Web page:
general and organizational autonomy, in particular, could
be used to characterize the extent to which the legalregulatory environment restricts/enables institutions to
shape their organizational structures. Unfortunately, the
measurement of institutional autonomy started only in
the mid-2000s (e.g., Esterman - Nokkala 2009, Esterman
et al. 2011) so it is not adequate to depict the changes that
have occurred since the 1990s.
Therefore, I am going to illustrate the change of legalregulatory environment through an example of how the
foundation and operation of faculties were regulated.
In the 1985 Act on education, new faculties could
be established only by the Ministerial Council on the
proposition of a minister. (It is also worth mentioning
that even the establishment of departments required
ministerial approval.) The 1990 amendment of the act
required Ministerial Council approval for the foundation
of the faculties of non-state institutions as well. The
governance of faculties (i.e. the composition and authority
of faculty councils) was also strictly regulated.
Although the 1993 Act on higher education stated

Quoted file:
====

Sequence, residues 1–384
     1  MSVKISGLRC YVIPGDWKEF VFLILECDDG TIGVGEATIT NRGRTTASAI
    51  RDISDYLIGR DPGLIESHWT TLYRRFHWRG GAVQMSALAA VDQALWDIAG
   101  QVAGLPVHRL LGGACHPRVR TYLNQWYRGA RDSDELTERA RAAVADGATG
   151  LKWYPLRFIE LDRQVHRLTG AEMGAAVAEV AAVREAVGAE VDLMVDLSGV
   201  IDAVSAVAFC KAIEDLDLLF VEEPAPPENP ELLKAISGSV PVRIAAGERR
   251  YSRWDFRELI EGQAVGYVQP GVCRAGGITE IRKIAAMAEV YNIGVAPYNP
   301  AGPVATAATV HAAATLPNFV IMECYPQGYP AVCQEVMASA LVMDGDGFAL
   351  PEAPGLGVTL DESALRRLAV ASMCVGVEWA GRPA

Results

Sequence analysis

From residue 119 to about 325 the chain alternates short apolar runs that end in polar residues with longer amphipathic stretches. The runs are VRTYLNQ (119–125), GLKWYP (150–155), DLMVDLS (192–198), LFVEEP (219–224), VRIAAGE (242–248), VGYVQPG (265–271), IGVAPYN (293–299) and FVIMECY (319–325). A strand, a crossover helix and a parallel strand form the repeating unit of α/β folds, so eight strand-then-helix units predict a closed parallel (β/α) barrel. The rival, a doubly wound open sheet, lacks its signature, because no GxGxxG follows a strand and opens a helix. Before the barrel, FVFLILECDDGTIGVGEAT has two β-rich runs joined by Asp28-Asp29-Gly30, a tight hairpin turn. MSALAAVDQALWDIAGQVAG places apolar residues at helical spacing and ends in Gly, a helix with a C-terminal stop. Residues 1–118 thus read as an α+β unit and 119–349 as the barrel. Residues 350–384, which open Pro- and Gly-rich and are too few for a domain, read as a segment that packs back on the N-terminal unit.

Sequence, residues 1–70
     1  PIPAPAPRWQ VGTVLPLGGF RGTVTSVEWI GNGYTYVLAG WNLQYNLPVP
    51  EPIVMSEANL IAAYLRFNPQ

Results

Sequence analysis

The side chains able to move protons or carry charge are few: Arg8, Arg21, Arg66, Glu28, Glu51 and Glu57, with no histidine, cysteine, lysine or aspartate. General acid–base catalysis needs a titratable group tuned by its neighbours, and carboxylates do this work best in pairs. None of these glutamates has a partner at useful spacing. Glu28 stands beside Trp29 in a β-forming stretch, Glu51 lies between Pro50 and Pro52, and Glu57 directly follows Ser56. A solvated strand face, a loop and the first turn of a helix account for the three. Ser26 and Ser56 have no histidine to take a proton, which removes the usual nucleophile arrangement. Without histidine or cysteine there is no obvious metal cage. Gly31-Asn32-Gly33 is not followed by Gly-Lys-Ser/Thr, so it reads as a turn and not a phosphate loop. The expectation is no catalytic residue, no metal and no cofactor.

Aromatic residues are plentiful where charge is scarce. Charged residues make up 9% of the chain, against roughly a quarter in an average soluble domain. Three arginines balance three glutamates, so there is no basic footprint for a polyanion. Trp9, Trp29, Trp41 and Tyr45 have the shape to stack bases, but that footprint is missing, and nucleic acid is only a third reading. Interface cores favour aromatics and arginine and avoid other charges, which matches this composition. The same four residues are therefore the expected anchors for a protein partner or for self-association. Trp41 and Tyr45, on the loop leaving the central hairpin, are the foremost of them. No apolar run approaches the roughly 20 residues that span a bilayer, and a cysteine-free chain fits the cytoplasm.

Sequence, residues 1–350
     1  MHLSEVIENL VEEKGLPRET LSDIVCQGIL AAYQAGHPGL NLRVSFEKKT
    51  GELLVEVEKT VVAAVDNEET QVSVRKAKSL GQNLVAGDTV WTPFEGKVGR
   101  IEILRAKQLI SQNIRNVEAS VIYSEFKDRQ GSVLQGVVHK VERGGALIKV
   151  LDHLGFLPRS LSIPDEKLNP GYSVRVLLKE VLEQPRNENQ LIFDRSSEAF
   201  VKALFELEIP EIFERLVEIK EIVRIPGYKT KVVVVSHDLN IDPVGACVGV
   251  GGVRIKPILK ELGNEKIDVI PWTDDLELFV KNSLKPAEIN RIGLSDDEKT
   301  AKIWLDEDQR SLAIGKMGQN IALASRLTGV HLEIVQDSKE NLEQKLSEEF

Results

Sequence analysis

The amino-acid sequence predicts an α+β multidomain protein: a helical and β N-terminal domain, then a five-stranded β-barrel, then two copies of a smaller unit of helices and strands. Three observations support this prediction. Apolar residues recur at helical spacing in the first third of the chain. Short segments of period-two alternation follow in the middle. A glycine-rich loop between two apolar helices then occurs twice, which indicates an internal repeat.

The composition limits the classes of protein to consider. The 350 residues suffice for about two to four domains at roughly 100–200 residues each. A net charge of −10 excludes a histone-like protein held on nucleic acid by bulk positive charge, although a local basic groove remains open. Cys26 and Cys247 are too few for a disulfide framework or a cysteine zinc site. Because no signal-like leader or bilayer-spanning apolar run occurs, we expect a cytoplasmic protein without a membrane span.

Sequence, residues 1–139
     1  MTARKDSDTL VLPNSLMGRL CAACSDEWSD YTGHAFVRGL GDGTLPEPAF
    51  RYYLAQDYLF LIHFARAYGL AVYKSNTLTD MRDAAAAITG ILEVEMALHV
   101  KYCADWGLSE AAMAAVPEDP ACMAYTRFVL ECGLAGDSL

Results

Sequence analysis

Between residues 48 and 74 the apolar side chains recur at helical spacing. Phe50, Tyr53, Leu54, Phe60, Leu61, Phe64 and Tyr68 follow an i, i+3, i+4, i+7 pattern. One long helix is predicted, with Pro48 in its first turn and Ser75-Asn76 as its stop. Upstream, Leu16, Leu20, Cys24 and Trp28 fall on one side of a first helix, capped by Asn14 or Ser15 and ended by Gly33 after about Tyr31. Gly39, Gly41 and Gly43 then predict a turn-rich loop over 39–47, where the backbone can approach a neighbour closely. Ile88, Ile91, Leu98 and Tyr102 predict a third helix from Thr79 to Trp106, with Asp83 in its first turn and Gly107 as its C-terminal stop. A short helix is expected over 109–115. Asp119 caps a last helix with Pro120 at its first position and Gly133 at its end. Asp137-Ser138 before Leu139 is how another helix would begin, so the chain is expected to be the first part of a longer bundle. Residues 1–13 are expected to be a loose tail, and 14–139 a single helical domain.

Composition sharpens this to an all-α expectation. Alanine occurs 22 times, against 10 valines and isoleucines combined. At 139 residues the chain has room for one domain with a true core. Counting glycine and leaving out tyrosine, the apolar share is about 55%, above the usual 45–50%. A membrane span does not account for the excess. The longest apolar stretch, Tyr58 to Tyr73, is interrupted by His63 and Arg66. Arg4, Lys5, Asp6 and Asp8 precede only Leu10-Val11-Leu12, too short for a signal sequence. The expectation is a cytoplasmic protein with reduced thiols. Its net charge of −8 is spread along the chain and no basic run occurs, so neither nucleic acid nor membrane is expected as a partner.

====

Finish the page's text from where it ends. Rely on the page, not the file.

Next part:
that “higher education institutions […] develop their
own organization,” it also provided that “the university
is divided into faculties and other comprehensive
organizational units.” As faculties were listed in a
government decree, a government decision was still
required for the establishment of faculties of state
institutions. At first, non-state institutions were only
obliged to notify the government about the establishment
of faculties, but an amendment in 1996 extended the act of
recording faculties in the government decree to the private
and church-owned institutions as well.
The Higher Education Act of 2005 extended
institutional autonomy in developing their own
organizational structures. The law mentions the faculty
as only a possible form of organizing educational
activities suggesting that other alternatives exist. The
decision of how to govern faculties (or other units) was
completely left to the institutions. The listing of faculties
in government decree was also abolished. At the same
time, another government decree defined the minimum
criteria for establishing faculties in detail (the faculty had
to have a certain number of students and lecturers, and it
had to offer degrees in at least two cycles). However, the
monitoring of fulfilling these criteria was quite light and
after 2009 was completely discontinued.
In 2011 a new Act of Higher Education was adopted,
which reinforced faculty structure once again. The
existence of at least three university faculties was required
for the granting of a university status. To have economies